31. 31

    Spradling, A. C. et al. The Berkeley Drosophila Genome Project gene disruption project: Single P-element insertions mutating 25% of vital Drosophila genes. Genetics 153, 135–177 (1999)

  32. 32

    Frasch, M., Hoey, T., Rushlow, C., Doyle, H. J. & Levine, M. Characterization and localization of the even-skipped protein of Drosophila. EMBO J. 6, 749–759 (1987)

  33. 33

    Azpiazu, N., Lawrence, P., Vincent, J-P. & Frasch, M. Segmentation and specification of the Drosophila mesoderm. Genes Dev. 10, 3183–3194 (1996)

  34. 34

    Zhizhang, Y. & Frasch, M. Regulation and function of tinman during dorsal mesoderm induction and heart specification in Drosophila. Dev. Gen. 22, 187–200 (1998)

  35. 35

    Harvey, R. NK-2 homeobox genes and heart development. Dev. Biol. 178, 203–216 (1996)

  36. 36

    Cai, H. & Harrison, D. G. Endothelial dysfunction in cardiovascular diseases: the role of oxidant stress. Circ. Res. 87, 840–844 (2000)

  37. 37

    Enseleit, F., Hurlimann, D. & Luscher, T. F. Vascular protective effects of angiotensin converting enzymes inhibitors and their relation to clinical events. J. Cardiovasc. Pharmacol. 37 (Suppl. 1), S21–S30 (2001)

  38. 38

    Kong, Y. Y. et al. OPGL is a key regulator of osteoclastogenesis, lymphocyte development and lymph-node organogenesis. Nature 397, 315–323 (1999)

  39. 39

    Wickenden, A. D. et al. Targeted expression of a dominant-negative K(v)4.2 K( + ) channel subunit in the mouse heart. Circ. Res. 85, 1067–1076 (1999)

  40. 40

    Zvaritch, E. et al. The transgenic expression of highly inhibitory monomeric forms of phospholamban in mouse heart impairs cardiac contractility. J. Biol. Chem. 275, 14985–14991 (2000)

  41. 41

    Allred, A. J., Chappell, M. C., Ferrario, C. M. & Diz, D. I. Differential actions of renal ischemic injury on the intrarenal angiotensin system. Am. J. Physiol. Renal 279, F636–F645 (2000)

  42. 42

    Chappell, M. C., Milsted, A., Diz, D. I., Brosnihan, K. B. & Ferrario, C. M. Evidence for an intrinsic angiotensin system in the canine pancreas. J. Hypertens. 9, 751–759 (1991)

Download references


We thank D. Ganten for supplying us with tissue from SHRSP rats. Eve and Tin antibodies were a gift from M. Frasch. We acknowledge the Samuel Lunenfeld Research Institute's CMHD Mouse Physiology Facility for their technical screening services. This study was supported by Amgen and by grants from the Israel Science Foundation and the German–Israeli Foundation for Scientific Research and Development to C.Y. and Y.Y. J.M.P. holds a Canadian Research Chair in Cell Biology. M.A.C. is supported in part by a Canadian Institutes of Health Research fellowship.

Author information

Author notes

  1. Renu Sarao and Gavin Y. Oudit: These authors contributed equally to the work


  1. Amgen Research Institute/Ontario Cancer Institute, University of Toronto, University Avenue, Toronto, Ontario, M5G 2M9, Canada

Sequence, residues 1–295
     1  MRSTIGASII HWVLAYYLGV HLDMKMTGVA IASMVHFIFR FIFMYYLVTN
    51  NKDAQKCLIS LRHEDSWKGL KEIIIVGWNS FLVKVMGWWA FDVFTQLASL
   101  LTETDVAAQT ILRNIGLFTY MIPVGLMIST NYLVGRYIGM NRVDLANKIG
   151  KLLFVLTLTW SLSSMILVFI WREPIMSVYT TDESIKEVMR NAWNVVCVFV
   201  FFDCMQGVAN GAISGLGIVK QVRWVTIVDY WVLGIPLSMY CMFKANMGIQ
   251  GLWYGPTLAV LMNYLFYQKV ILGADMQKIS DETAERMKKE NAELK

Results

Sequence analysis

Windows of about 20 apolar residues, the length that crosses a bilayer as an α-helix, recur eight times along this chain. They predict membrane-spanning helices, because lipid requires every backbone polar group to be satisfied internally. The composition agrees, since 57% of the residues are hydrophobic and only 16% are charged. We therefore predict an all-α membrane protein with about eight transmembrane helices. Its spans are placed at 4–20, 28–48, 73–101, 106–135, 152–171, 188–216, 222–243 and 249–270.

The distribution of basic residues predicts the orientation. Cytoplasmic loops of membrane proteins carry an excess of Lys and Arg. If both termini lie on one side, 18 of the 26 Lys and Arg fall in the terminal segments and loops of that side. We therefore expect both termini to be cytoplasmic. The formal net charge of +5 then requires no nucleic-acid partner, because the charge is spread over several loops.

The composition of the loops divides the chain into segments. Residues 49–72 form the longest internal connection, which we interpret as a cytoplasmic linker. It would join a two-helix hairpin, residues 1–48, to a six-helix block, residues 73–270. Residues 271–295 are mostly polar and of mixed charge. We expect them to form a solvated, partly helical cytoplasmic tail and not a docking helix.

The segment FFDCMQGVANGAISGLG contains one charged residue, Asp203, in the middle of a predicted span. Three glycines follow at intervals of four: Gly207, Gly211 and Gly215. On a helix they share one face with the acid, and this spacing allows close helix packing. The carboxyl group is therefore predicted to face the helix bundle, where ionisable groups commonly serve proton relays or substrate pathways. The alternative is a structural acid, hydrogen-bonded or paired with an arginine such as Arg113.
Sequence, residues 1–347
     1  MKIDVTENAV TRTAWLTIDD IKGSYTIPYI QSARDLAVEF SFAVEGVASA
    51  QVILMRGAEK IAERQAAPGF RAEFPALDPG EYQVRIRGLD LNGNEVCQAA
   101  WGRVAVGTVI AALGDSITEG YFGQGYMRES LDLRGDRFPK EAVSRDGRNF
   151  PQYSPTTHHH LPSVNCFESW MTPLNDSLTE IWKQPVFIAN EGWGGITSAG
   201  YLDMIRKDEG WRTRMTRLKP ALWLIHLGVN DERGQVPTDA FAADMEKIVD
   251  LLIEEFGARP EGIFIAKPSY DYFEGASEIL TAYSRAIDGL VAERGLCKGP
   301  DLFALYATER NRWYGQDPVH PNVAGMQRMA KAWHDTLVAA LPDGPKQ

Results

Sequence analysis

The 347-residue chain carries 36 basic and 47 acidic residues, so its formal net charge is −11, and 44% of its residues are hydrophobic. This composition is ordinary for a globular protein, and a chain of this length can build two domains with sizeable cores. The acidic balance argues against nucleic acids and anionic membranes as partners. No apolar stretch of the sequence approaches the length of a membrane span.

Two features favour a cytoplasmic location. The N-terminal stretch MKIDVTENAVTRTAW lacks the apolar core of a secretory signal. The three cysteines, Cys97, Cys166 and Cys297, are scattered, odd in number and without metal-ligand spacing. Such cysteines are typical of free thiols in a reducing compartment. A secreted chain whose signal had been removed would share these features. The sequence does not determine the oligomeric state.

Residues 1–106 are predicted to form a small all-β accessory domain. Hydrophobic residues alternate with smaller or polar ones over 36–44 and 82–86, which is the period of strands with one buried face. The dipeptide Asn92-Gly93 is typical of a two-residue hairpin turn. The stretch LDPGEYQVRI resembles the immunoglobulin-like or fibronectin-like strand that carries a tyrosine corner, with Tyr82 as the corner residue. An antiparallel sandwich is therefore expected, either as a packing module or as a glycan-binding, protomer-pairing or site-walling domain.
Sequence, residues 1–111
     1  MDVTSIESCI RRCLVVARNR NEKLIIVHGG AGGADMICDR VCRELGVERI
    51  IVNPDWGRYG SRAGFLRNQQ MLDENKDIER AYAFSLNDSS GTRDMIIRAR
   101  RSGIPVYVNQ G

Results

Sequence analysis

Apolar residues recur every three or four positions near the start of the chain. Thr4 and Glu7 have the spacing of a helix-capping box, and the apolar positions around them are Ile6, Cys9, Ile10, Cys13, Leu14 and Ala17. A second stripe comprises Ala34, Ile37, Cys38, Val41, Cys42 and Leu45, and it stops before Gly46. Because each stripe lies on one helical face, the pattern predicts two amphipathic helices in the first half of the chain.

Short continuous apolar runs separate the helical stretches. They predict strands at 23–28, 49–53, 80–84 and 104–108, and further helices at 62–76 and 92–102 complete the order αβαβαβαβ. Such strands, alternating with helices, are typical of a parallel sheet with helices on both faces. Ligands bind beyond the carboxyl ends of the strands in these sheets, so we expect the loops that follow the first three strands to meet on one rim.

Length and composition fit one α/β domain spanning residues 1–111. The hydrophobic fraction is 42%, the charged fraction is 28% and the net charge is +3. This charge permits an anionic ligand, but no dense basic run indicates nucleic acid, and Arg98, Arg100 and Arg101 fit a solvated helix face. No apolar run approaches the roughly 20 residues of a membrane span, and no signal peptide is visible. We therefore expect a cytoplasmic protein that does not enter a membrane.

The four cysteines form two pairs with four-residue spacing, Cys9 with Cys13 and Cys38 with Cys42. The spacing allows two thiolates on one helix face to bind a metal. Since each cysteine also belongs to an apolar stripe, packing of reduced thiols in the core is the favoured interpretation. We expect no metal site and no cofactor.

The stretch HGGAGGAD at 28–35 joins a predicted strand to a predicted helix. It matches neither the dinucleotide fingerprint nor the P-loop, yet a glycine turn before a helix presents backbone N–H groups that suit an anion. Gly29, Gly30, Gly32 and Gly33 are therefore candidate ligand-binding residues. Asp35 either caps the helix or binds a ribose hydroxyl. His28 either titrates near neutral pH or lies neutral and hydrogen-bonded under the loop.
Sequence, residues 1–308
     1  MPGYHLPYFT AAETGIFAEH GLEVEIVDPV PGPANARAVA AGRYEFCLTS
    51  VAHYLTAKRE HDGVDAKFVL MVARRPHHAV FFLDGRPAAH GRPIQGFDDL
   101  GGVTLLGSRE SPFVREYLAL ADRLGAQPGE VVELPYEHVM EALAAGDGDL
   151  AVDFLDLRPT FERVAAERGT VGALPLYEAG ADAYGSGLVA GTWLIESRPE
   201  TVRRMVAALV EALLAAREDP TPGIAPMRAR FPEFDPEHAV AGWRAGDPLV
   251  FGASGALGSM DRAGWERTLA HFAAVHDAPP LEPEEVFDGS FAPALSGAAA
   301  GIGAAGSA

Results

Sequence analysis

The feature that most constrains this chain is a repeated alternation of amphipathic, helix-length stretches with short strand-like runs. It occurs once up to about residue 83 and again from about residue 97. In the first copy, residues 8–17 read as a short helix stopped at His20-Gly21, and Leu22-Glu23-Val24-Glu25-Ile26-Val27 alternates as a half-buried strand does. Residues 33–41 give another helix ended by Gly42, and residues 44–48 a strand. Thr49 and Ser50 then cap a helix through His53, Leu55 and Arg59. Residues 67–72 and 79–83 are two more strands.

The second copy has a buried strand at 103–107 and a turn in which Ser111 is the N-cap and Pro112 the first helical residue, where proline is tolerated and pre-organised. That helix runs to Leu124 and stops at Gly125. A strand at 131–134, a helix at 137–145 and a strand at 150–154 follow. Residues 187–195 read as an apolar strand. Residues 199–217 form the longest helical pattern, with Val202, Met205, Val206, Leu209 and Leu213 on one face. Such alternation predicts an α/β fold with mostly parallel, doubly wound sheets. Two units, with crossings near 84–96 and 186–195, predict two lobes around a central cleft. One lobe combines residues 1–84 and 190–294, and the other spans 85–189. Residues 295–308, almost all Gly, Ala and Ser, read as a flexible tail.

• Michael A. Crackower
    • , Renu Sarao
    • , Ivona Kozieradzki
    • , Antonio J. Oliveira-dos-Santos
    • , Joan da Costa
    • , Liyong Zhang
    •  & Josef M. Penninger
  2. Departments of Medical Biophysics and Immunology, University of Toronto, University Avenue, Toronto, Ontario, M5G 2M9, Canada

    • Michael A. Crackower
    • , Liyong Zhang
    •  & Josef M. Penninger
  3. The Heart & Stroke/Richard Lewar Centre for Excellence in Cardiovascular Research, University of Toronto, University Avenue, Toronto, Ontario, M5G 2M9, Canada

    • Michael A. Crackower
    • , Gavin Y. Oudit
    • , Liyong Zhang
    • , Peter H. Backx
    •  & Josef M. Penninger
  4. Department of Physiology, University of Toronto, University Avenue, Toronto, Ontario, M5G 2M9, Canada

    • Gavin Y. Oudit
    •  & Peter H. Backx
  5. Department of Medicine and the University Health Network, University of Toronto, University Avenue, Toronto, Ontario, M5G 2M9, Canada

    • Gavin Y. Oudit
    • , York Pei
    • , James Scholey
    • , Peter H. Backx
    •  & Yoram Yagil
  6. Division of Cellular & Molecular Biology, University Health Network, Ontario Cancer Institute, University of Toronto, University Avenue, Ontario, M5G 2M9, Toronto, Canada

    • Sam E. Scanga
    •  & Armen S. Manoukian
  7. IMBA, Institute for Molecular Biotechnology of the Austrian Academy of Sciences, c/o Dr Bohr Gasse, A-1030, Vienna, Austria

    • Renu Sarao
    • , Ivona Kozieradzki
    • , Liyong Zhang
    •  & Josef M. Penninger
  8. Laboratory for Molecular Medicine, Department of Nephrology and Hypertension, Faculty of Health Science, Ben-Gurion University Barzilai Medical Center Campus, 78306, Ashkelon, Israel

    • Chana Yagil
  9. The Hypertension and Vascular Disease Center, Wake Forest University School of Medicine, Winston-Salem, North Carolina, 27157-1032, USA

    • Carlos M. Ferrario
    •  & Mark C. Chappell


  1. Search for Michael A. Crackower in:

  2. Search for Renu Sarao in:

  3. Search for Gavin Y. Oudit in:

  4. Search for Chana Yagil in:

  5. Search for Ivona Kozieradzki in:

  6. Search for Sam E. Scanga in:

  7. Search for Antonio J. Oliveira-dos-Santos in:

  8. Search for Joan da Costa in:

  9. Search for Liyong Zhang in:

  10. Search for York Pei in:

  11. Search for James Scholey in:

  12. Search for Carlos M. Ferrario in:

  13. Search for Armen S. Manoukian in:

  14. Search for Mark C. Chappell in:

  15. Search for Peter H. Backx in:

  16. Search for Yoram Yagil in:

  17. Search for Josef M. Penninger in:

Competing interests

The authors declare that they have no competing financial interests.

Corresponding author

Correspondence to Josef M. Penninger.

Supplementary information

About this article

Publication history



Issue Date


Further reading


By submitting a comment you agree to abide by our Terms and Community Guidelines. If you find something abusive or that does not comply with our terms or guidelines please flag it as inappropriate.